Similar experiments are also being carried out on another Labour election pledge, community safety orders. These are injunctions against certain types of behaviour which, if breached, would lead to imprisonment and, in serious cases, to detention in secure accommodation for juveniles. In Los Angeles, for example, gangs are being put under court orders not to assemble on street corners.

Another Labour proposal that mirrors the criminal justice system in the US is the appointment of a chief crown prosecutor to head each local police authority area. This, says Rothstein, looks comparable to the US system of US attorneys, in which an attorney is responsible for federal prosecutions in his area, with certain exceptions, which are referred to Washington.

The system, he says, has the advantage that “the prosecutor is in touch with local currents, feelings and thoughts”.

Labour has also promised to pilot compulsory drug testing of people who have been arrested and random drug testing of prisoners.

Of the US experience, Rothstein says US courts have upheld the legality of random drug testing of prisoners but as yet there has been no definitive decision about mandatory testing of all offenders, although there are proposals to do so.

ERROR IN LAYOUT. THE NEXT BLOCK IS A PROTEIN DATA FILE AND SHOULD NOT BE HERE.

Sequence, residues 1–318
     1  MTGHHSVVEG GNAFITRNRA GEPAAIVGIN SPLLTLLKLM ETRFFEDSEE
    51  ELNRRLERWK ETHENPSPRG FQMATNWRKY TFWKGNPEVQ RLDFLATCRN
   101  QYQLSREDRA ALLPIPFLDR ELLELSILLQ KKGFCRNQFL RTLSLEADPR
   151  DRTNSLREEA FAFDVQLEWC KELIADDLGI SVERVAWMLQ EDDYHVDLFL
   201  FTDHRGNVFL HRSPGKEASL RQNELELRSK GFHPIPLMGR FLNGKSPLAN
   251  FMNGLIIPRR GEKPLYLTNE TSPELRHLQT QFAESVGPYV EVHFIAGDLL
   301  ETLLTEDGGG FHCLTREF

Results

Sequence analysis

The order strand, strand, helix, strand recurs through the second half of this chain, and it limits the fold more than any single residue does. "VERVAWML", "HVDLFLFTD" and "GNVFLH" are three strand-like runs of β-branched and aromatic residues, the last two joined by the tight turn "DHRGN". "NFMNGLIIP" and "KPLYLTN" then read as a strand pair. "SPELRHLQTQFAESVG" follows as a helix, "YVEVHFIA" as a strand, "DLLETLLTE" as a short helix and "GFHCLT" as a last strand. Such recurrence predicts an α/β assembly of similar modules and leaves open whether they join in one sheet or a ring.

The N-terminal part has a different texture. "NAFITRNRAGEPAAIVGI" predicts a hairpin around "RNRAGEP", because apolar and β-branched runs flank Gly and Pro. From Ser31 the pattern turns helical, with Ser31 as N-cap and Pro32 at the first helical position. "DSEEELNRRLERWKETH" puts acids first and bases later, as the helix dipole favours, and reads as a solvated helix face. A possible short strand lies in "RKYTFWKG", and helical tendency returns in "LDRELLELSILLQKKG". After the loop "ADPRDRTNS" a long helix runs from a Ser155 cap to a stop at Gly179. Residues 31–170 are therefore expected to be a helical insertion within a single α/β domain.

The move to privatise prisons, which is currently being debated in both countries, received a significant setback in the US recently, according to Rothstein, when the Supreme Court held that officers in privatised prisons do not have immunity from law suits in the same way government prison officers do.

But the really big hot potato in the US at the moment concerns the release of child sex offenders. Both the US and the UK are grappling with the legality of notifying local communities about the release of such offenders, but the US has just gone one stage further.

It looks likely, says Rothstein, that following a recent Supreme Court ruling, all states will pass a law on sexually dangerous predators. This will allow civil commitment proceedings to be taken against a child sex offender after he has served his prison sentence.

If the court finds the offender to be mentally abnormal or to have a personality disorder, and he is predicted to be dangerous, then he can be committed indefinitely to a mental hospital, apparently regardless of whether he is to be treated there or not.